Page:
The home of the Bagges. Designed to reverberate the styling and isolation of dustbowl Americana. Despite the terror of these locations, there is also an element of warmth and comfort to the simplicity of its design. The duality of terror and comfort is a recurring conflict explored in Courage.

Courage wasn’t the first to introduce dark undertones or counter-cultural ideas to a younger audience, but to my knowledge it is the first to explore the world of the forgotten American. Ren and Stimpy embraced a wacko, maniacal, Zappa-like world of nonsense and buffoonery that stared down the corporate cartoons that preceded it, but had little connection to American society at large. Aaahh!!! Real Monsters reflected a childhood fascination with monsters but cast the show as a sort of irony, in that its monsters were friendly protagonists. Invader Zim (which premiered in the middle of Courage’s live run) embraced pitch black comedy and horror gore in ways that were truly harrowing; but the show’s lack of empathy or moral heart made it easy to compartmentalize and gawk at. Even the Rugrats, a nostalgia favorite of the 90s generation and Nickelodean cash-cow, had subtle digs at the bland suburbs that housed its protagonists. Indeed, many shows in the 90s courted an anti-establishment styling that butted against popular society, occasionally daring to veer into darker subject matter. But many of these shows were unable to escape the soul-sucking monetization that followed so many of these properties, which raised questions about the earnest of their jokes and critiques.

But despite Courage’s accessibility as a humorous cartoon, its characters and narratives are not as easily marketable as other shows of the era. This certainly has something to do with the darkness that defines the Bagges’ situation, which is one of consistent and omnipresent isolation. But its characters also do not represent a lucrative zeitgeist for corporate marketers to tap into. It’s hard for a corporation to buy-in on Courage merchandise when its leads are a timid dog, a plain grandmother, and a grumpy curmudgeon who live in the sort of isolated town that isn’t supposed to exist in modern, suburban, capitalist America. Dilworth lamented as much in response to a question about Courage’s marketability:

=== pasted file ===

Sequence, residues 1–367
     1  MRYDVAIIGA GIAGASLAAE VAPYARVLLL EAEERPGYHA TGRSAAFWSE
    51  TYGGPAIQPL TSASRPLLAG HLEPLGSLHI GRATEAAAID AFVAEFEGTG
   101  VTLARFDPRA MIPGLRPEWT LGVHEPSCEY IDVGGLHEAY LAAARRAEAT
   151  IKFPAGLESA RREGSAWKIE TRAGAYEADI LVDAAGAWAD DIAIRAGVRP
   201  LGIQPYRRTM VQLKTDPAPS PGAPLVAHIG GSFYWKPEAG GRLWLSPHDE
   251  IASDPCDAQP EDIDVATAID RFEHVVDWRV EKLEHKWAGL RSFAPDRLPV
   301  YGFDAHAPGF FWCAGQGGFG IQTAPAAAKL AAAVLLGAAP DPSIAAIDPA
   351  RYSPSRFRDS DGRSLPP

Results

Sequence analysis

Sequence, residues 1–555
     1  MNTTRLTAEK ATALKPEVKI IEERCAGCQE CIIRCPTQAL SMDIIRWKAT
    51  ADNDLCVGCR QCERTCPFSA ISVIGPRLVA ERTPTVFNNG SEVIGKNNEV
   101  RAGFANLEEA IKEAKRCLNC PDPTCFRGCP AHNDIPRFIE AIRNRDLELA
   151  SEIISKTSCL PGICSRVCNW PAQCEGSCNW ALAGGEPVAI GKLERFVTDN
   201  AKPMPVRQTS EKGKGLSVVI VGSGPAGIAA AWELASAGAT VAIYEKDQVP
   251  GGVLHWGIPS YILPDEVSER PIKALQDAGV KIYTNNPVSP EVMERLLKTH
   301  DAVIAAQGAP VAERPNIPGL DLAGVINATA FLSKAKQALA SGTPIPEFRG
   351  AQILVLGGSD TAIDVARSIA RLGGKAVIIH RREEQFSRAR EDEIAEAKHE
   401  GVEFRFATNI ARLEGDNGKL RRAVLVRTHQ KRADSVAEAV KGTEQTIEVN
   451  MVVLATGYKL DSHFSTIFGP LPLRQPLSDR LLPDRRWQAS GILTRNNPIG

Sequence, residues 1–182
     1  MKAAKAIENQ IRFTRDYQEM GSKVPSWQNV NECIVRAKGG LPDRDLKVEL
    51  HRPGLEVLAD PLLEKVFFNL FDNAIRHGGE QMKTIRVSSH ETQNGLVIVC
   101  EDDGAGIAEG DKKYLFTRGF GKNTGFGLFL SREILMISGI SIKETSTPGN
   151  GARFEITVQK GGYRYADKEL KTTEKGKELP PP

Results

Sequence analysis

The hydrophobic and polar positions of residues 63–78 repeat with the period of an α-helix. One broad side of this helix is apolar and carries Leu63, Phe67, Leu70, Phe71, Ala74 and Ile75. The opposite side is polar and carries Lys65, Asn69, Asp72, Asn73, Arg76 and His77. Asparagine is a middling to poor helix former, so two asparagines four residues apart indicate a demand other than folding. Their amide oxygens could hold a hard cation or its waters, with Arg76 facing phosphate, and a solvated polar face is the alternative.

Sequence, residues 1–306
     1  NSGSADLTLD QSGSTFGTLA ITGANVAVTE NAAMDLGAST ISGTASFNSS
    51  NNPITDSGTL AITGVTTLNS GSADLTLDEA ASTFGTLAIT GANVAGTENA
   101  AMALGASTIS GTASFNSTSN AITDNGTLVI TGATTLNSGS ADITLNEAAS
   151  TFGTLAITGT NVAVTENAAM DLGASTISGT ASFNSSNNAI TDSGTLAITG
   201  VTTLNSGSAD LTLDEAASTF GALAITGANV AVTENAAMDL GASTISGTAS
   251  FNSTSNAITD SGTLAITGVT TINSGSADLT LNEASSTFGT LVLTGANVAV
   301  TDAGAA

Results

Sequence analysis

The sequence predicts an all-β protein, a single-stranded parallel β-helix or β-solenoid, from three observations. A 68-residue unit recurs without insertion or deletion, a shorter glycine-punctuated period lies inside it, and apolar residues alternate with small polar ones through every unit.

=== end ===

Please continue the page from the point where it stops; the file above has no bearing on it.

the lack of courage by the merchandisers still remains. “Pink” or “fuchsia” dogs will not sell in a boy dominated market place. This is rather complex, but the undercurrent of conservatism in America is strong and easy to intolerance.

Even further, Courage’s conception of horror was also presented in a nuanced way. Rarely was the antagonist plain evil, nor were they considered “bad” by way of deformity or strangeness. As in all great horror, monsters and villains represent and embody deeper human fears. Courage goes further, portraying many antagonists as sympathetic or even righteous. In confrontation, Courage rarely bests his foes through strength or combat. Crucially, he is able to save the day by empathizing with the villain, abetting a social wrong, uniting a cast of characters into action, or employing a clever manipulation of cartoon physics. While lack of merchandising may be a lament from the creator, Courage’s difficult marketability provides a benefit to the art itself: viewers can be assured that the themes and insights of Courage are not watered down or undercut for commercial success.

The Heart of Courage

The series’ call for adroitness and empathy afford it a moral center that make travailing its nuanced direction worth the investment. This morality keeps the show grounded and engaging, despite the thick dread that runs the plot of most episodes. If Courage were less rooted in heart, its narratives could be written off as overly cruel or sadistic; especially when considering the poverty, frailty, ignorance and isolation of its protagonists. But this heart not only gives meaning to the suffering of our protagonists, but also delivers value and agency to them.

Crucially, so much of each episode hinges on reinforcing the familial love between Courage and Muriel (and to a limited extant, Eustace).* Almost each episode is started or punctuated with a quiet scene of Courage contentedly relaxing on Muriel’s lap or waiting in anticipation for a home-cooked meal while a hokey jingle jaunts in the background. These are quiet moments that do little to advance the plot, but are key for establishing that Courage has something worth defending. Without this love, viewers may overstate the comedy of each episodes’ conflict, allowing viewers to interpret plight as schadenfraude. But love is the glue holding this strange clan together, making it impossible for us to write these characters off as useless or expendable. That familial love – the Bagges’ only thing of real value – is constantly threatened reinforces the heinous aims of a given antagonist, affording each encounter real stakes.

*Eustace’s presence challenges this concept to a certain extent. His psychological abuse of Courage, and his seeming ambivalence toward Muriel, can be seen as counter-productive towards my assertion. But I believe his presence actually rounds out the homeliness of the cabin. I’ll elaborate more on this in Part 3, where I’ll discuss Eustace as a theme and character in greater detail.